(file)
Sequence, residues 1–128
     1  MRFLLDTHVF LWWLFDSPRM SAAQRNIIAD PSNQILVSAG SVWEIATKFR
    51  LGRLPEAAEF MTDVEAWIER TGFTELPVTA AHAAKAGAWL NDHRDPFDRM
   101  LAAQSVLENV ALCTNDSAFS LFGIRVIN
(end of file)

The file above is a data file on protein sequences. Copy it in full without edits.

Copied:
Sequence, residues 1–128
     1  MRFLLDTHVF LWWLFDSPRM SAAQRNIIAD PSNQILVSAG SVWEIATKFR
    51  LGRLPEAAEF MTDVEAWIER TGFTELPVTA AHAAKAGAWL NDHRDPFDRM
   101  LAAQSVLENV ALCTNDSAFS LFGIRVIN